Man Against Himself


Before there was teen angst, there was Holden Caulfield and a bunch of phony bastards. His diet of cigarettes, cheese sandwiches, malted milk and rum-and-cokes captures the threshold between innocence and experience—and along the way provides a portrait of New York food in its own awkward adolescence. In honor of J. D. Salinger’s passing, here’s a toast of edible quotes excerpted from the much-beloved Catcher in the Rye, set in a 1950s landscape of lousy lunch counters and corny clubs we only wish we could have tasted.

Except for a few pimpy-looking guys and whory-looking blondes, the lobby was pretty empty.  But you could hear the band playing in the Lavender Room, so I went in there. It wasn’t very crowded but they gave me a lousy table anyway-way in the back. I should have waved a buck under the head-waiter’s nose. In New York, boy, money really talks-I’m not kidding.  The band was putrid. Buddy Singer. Very brassy, but not good brassy-corny brassy. Also there were very few people around my age in the place. In fact, nobody was around my age. They were mostly old, show-offy-looking guys with their dates. Except at the table right next to me there were these three girls around thirty or so. The whole three of them were pretty ugly, and they all had on the kind of hats that you knew they didn’t really live in New York but one of them, the blonde one, wasn’t too bad. She was sort of cute, the blonde one, and I started giving her the eye a little bit, but just then the waiter came up for my order. I ordered a Scotch and soda, and told him not to mix it-I said it fast as hell, because if you hem and haw, they think you’re under twenty-one and won’t sell you any intoxicating liquor. I had trouble with him anyway though. “I’m sorry, sir,” he said, “but do you have some verification of your age? Your driver’s license, perhaps?” I gave him this very cold stare, like he’d insulted the hell out of me, and asked him, “Do I look like I’m under twenty-one?”

“I’m sorry, sir, but we have our-”

“Okay, okay,” I said. I figured the hell with it. “Bring me a Coke.” He started to go away, but I called him back. “Can’tcha stick a little rum in it or something?” I asked him very nicely and all. “I can’t sit in a corny place like this cold sober. Can’tcha stick a little rum in it or something?” “I’m very sorry, sir,”‘ he said and beat it on me. I didn’t hold it against him though. They lose their jobs if they get caught selling to a minor. I’m a goddam minor.  …It was one of those places that are very terrible to be in unless you have somebody good to dance with, or unless the waiter lets you buy real drinks instead of just Cokes. There isn’t any night club in the world you can sit in for a long time unless you can at least buy some liquor and get drunk.  Or unless you’re with some girl that really knocks you out.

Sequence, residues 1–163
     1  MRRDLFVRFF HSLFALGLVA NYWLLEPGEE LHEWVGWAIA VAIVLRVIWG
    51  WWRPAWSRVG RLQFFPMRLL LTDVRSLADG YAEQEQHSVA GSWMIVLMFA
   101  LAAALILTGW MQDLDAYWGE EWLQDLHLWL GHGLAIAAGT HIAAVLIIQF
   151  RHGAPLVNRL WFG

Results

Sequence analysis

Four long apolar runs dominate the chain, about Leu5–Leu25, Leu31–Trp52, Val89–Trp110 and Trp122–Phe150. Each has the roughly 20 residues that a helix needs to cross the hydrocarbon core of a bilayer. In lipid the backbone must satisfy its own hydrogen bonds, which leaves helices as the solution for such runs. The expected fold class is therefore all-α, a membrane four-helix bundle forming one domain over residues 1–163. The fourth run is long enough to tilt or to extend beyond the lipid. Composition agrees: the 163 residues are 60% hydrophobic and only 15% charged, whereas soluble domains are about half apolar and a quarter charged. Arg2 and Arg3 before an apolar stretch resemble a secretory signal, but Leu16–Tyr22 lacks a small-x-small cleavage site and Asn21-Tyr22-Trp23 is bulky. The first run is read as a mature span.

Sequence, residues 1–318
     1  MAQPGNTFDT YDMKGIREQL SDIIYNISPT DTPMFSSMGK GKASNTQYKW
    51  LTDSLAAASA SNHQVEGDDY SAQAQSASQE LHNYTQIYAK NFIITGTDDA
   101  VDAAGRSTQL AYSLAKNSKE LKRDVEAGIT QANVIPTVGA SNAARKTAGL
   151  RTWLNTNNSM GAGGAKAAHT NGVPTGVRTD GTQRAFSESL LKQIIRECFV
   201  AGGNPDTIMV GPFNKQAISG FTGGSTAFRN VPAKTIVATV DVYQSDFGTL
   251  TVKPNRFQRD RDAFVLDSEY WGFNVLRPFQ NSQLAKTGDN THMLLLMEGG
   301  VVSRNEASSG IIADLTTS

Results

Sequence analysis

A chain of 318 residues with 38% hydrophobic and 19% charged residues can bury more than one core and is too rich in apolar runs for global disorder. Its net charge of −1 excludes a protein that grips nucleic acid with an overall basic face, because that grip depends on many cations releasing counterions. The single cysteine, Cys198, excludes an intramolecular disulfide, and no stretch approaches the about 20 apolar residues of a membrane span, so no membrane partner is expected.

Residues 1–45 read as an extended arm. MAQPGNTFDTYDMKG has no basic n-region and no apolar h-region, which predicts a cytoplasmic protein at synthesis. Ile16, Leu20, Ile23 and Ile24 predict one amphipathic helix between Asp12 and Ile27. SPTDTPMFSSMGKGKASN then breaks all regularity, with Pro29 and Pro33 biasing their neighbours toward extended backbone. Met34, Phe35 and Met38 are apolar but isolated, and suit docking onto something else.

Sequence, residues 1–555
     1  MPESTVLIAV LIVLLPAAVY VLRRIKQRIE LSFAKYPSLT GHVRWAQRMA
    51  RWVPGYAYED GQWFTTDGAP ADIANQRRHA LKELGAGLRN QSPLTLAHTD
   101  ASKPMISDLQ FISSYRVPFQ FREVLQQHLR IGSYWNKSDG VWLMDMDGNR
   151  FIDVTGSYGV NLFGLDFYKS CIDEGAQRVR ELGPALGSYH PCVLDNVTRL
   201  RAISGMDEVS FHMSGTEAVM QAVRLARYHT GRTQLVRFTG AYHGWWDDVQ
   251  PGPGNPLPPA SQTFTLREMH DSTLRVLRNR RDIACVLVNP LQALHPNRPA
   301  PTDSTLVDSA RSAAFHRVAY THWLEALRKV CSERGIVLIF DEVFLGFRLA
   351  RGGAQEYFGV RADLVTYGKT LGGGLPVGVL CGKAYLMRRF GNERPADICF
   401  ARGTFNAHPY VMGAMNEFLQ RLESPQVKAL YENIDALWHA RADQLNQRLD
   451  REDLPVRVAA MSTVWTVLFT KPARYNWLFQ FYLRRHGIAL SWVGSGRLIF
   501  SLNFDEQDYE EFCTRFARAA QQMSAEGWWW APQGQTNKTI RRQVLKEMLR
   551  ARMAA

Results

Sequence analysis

After I put my bags in one of those strong boxes at the station, I went into this little sandwich bar and had breakfast. I had quite a large breakfast, for me-orange juice, bacon and eggs, toast and coffee. Usually I just drink some orange juice. I’m a very light eater. I really am. That’s why I’m so damn skinny. I was supposed to be on this diet where you eat a lot of starches and crap, to gain weight and all, but I didn’t ever do it. When I’m out somewhere, I generally just eat a Swiss cheese sandwich and a malted milk. It isn’t much, but you get quite a lot of vitamins in the malted milk. H. V. Caulfield. Holden Vitamin Caulfield.

While I was eating my eggs, these two nuns with suitcases and all-I guessed they were moving to another convent or something and were waiting for a train-came in and sat down next to me at the counter.

… One was reading a little black book while she drank her coffee. It looked like the Bible, but it was too skinny. It was a Bibletype book, though. All the two of them were eating for breakfast was toast and coffee. That depressed me. I hate it if I’m eating bacon and eggs or something and somebody else is only eating toast and coffee.

We took off our goddam skates and went inside this bar where you can get drinks and watch the skaters in just your stocking feet. As soon as we sat down, old Sally took off her gloves, and I gave her a cigarette. She wasn’t looking too happy. The waiter came up, and I ordered a Coke for her-she didn’t drink- and a Scotch and soda for myself, but the sonuvabitch wouldn’t bring me one, so I had a Coke, too….When I left the skating rink I felt sort of hungry, so I went in this drugstore and had a Swiss cheese sandwich and a malted, and then I went in a phone booth.

Betsy Bradley

Elizabeth L. Bradley writes about New York City history and culture. She hopes to find Tiffany blue dragees in her Christmas stocking this year.

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